An eminent psychologist has been sacked, arrested and could be struck off the professional register after a female patient revealed that they had had a long-term sexual relationship.
Keith Broadbent, 59, a clinical psychologist with more than 25 years' experience, started a relationship with patient A, aged 30, around six months after he became her therapist at a pioneering clinic that treats mostly female patients with borderline personality disorder. He is said to have bought her expensive gifts, including a laptop, and given her money, before she moved into his north London home.
Mr Broadbent was dismissed by Camden and Islington NHS Foundation Trust for gross professional misconduct in February – a month after the woman revealed the relationship to a community psychiatric nurse.
The trust has been criticised by sources close to the case for failing to properly investigate whether Mr Broadbent, who treated hundreds of patients in his 22 years at the trust, has conducted improper relationships with any other patient. He last night admitted to an earlier relationship with a former patient but gave no other details.
The trust is also criticised for failing to protect the identity and whereabouts of patient A since her disclosure.
Mr Broadbent was arrested at his home at 7am last Tuesday and questioned about allegations of harassment involving hundreds of texts, emails and phone calls to patient A since she moved out in January. Bailed until the end of next month, he denies the allegations, claiming the relationship was still ongoing at the time.
Patient A's mental health has deteriorated and she has spent several months in a crisis centre suffering from depression. Mr Broadbent was suspended from the psychology register by the regulator, the Health Professions Council, in February as an interim measure while it investigates the allegations.
Just over 16,000 practitioner psychologists are currently registered by the HPC, which started regulating the profession in April 2009. But only specialists, such as clinical, forensic and educational psychologists, are required by law to register. Anyone can set up a clinic as a "psychologist" without being subject to the professional code of conduct. The British Psychological Society has 45,000 members, which means two-thirds are unregulated.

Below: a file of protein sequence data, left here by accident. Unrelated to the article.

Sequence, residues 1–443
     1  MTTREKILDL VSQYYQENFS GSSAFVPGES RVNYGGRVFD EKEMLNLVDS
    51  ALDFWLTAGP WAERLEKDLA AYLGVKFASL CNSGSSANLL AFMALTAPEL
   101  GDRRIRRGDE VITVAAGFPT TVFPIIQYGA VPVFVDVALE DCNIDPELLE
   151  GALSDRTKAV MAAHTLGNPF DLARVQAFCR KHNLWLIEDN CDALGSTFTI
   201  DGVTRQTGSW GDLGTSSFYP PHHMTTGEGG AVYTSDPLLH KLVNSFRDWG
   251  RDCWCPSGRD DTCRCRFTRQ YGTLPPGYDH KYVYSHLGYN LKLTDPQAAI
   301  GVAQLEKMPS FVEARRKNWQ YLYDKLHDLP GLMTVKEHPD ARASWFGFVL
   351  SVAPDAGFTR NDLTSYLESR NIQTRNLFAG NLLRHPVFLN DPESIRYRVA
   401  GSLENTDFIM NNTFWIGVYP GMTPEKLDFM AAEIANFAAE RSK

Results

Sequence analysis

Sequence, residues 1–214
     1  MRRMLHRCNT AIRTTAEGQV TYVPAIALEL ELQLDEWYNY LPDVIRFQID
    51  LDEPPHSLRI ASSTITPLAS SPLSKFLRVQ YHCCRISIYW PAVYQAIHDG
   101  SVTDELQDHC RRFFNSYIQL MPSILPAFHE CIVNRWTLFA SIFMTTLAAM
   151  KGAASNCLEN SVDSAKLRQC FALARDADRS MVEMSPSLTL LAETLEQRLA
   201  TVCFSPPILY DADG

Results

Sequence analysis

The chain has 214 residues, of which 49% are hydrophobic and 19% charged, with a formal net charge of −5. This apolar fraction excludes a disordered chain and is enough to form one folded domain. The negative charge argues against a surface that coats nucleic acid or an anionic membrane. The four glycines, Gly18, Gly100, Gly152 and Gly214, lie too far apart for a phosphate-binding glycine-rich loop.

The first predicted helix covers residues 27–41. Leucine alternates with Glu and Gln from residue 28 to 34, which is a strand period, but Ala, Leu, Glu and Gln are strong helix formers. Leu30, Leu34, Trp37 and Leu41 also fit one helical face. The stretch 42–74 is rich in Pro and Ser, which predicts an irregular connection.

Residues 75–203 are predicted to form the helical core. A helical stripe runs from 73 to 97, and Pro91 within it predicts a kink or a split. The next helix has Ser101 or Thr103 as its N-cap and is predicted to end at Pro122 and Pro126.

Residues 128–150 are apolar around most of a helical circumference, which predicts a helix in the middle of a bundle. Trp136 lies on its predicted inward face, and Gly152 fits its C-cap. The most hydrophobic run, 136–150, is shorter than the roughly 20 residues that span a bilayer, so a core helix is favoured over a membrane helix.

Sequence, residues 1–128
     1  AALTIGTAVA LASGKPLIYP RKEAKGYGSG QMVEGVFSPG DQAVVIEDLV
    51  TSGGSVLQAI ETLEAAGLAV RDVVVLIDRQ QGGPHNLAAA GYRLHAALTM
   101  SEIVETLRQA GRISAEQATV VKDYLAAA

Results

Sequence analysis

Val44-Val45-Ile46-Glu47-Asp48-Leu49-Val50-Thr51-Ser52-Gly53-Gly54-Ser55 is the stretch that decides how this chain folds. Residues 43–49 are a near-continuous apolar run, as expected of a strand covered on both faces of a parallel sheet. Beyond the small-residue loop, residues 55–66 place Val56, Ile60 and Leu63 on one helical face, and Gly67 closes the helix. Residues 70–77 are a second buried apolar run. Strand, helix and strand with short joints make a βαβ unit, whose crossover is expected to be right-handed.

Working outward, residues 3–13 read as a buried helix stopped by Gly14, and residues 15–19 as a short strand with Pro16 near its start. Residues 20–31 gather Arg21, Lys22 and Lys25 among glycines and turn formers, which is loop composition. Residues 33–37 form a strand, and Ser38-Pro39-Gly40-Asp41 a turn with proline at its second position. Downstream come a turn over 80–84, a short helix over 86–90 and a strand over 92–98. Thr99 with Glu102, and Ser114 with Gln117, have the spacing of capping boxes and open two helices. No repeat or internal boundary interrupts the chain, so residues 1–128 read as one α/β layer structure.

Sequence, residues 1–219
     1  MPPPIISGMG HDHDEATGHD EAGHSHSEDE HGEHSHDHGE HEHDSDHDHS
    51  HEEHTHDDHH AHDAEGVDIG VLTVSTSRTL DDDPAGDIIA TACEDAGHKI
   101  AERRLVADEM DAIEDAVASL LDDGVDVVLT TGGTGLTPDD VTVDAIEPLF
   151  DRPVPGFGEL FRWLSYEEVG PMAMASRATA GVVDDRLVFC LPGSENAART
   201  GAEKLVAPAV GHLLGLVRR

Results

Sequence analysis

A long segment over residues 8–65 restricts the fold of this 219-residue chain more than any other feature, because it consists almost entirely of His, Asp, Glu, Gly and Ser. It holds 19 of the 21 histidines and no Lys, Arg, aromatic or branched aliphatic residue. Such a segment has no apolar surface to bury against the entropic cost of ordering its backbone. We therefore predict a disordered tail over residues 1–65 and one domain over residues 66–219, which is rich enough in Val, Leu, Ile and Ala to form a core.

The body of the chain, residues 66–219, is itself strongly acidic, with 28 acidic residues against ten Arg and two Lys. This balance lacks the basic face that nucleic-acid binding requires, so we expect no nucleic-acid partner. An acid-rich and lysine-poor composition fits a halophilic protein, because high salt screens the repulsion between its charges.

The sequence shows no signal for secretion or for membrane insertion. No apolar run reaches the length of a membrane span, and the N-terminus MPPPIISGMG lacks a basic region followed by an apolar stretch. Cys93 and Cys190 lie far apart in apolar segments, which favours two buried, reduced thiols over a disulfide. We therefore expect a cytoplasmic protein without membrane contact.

Mr Broadbent was instrumental in setting up the Oscar Hill Service which uses dialectical behaviour therapy to treat vulnerable patients with complex emotional and behavioural problems such as recurrent suicide attempts, self-harm, binge eating, paranoid thoughts and drug abuse. Patients treated in the three-year programme are often highly traumatised as the majority have suffered childhood abuse and neglect.
The sexual relationship started after patient A told Mr Broadbent she had developed feelings for him in an email last April, the interim orders review hearing was told last week. He replied in an email that he "felt the same way" and he wanted to "kiss and hold her".
The panel heard how the relationship quickly developed and the two would "kiss and cuddle, and talk about dinner" during one-to-one therapy sessions. But within months patient A was struggling with the "lies and secrecy" and felt that "the relationship was wrong and that Mr Broadbent had violated her trust", the hearing was told.
After telling him she had disclosed the relationship to her nurse, patient A claims in a statement that Mr Broadbent said: "You have not left me any wriggle room. I will be crucified."
The HPC case investigator told the panel that there was a "further issue of a second patient with whom Mr Broadbent may have broken professional boundaries", but the trust was not investigating because he had been sacked.
He has also admitted giving patients financial help throughout his career, the hearing was told. He told The IoS he had given patient A large amounts of money, including £1,500 in June, supposedly to pay for a science course.
The psychologist did not attend the hearing but wrote a letter admitting the relationship. The interim suspension order was continued in order to "protect the public"; it must be reviewed again in three months.
Last night he told The IoS: "I just became deluded. I thought that I could save this patient from the circumstances she was in. I'd been giving her money before the relationship started, so I was already breaking the rules; it was sort of like an incremental drip... She has a background of extreme vulnerability... we had genuine feelings for each other but she found the whole thing very difficult... She has a history of picking up men... I am not trying to mitigate at all, but there was a whole range of her behaviours that I should have dealt with differently."
A spokesman for Camden and Islington NHS Foundation Trust said: "The trust is co-operating fully with the HPC, but will not make any further statement until the case is concluded."Reuse content